The same will be true to an even greater degree for those in the end of time who end up working against God. Because of their evil desire to go against what they know to be true, God will have no choice but to give them up to believe the lies that they want to believe. The only difference between these and Eve in the Garden is that Eve had not fully understood the path she was taking. She had enough information to know she was doing wrong when she took the path, but she did not have enough information to really understand all of the implications of her decision. This will not be the case with those at the end of time who choose against God. These will make this choice in the fact of much greater light; so much greater in fact that the granting of additional light would make no different to their decision. At this point the case of such is hopeless for there is nothing further that God can do for them to bring them back from their deliberately chosen rebellion against the light that they already consciously understand…

    Yes, the deceptions will be very clearer, so cleaver that they would deceive the very elect if the elect actually had anything but the fullest desire to know, love and live by the truth. However, God will supply abundant evidence for the truth to those who are earnestly and honestly searching for it. There simply will be no honest reason left to be deceived for those who really do love the truth that they have found so far.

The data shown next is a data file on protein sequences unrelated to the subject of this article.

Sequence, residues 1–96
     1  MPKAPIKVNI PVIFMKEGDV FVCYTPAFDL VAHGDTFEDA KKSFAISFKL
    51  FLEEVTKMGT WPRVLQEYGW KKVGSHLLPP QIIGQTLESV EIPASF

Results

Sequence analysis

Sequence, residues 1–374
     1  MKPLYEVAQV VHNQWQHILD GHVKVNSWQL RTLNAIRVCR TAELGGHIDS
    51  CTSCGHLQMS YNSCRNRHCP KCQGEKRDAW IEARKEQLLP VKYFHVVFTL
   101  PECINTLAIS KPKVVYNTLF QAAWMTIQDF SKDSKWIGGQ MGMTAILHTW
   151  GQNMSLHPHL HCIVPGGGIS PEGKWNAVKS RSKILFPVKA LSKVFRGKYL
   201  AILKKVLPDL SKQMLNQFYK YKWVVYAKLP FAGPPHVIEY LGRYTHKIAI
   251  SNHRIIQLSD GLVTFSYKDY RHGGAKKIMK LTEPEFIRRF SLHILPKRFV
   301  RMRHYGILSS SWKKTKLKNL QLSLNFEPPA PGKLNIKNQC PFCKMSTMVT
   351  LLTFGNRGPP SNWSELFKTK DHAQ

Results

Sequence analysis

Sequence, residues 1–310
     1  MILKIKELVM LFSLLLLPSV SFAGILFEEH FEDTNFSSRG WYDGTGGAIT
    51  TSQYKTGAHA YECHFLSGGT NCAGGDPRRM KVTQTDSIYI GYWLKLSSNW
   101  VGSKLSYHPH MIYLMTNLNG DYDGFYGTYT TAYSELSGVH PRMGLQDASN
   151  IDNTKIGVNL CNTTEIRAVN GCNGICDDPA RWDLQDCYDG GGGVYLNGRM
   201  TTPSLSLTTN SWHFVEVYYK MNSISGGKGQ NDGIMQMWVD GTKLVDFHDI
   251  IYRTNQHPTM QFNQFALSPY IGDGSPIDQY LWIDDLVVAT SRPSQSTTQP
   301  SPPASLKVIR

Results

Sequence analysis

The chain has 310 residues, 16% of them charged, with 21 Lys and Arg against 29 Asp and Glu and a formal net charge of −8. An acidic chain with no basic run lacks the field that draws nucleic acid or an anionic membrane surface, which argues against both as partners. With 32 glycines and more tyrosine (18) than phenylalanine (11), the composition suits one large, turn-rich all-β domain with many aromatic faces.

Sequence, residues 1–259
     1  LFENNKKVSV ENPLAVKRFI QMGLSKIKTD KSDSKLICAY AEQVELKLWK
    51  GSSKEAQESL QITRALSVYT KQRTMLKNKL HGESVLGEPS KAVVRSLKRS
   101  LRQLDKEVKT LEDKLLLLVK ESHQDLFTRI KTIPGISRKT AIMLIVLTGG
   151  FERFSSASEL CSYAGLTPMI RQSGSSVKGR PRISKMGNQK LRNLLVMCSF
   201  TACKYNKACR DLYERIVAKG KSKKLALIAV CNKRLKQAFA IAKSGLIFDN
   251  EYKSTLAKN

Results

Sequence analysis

In short, God wants to appeal to our minds as well as our hearts. He supplies more than enough evidence to cause the honest reasonable mind to be able to find Him if one searches for Him with the entire heart. Remember when Jesus, on the road to Emmaus, appealed to the evidence of prophecy to support His claims rather than reveal himself directly to his disciples? He wanted to appeal to their intelligent minds first and let this evidence result in an appeal to the heart later.

    Biblical prophecy is a very important scientifically testable evidence in support of the Divine origin of the Book. It is consistent with external reality – as are it’s claims regarding other external physical realities. This is unlike all other religious books which form the basis of other religions on this planet. This is why the Bible stands unique among them all as clearly of Divine origin – because of its testability against physical reality.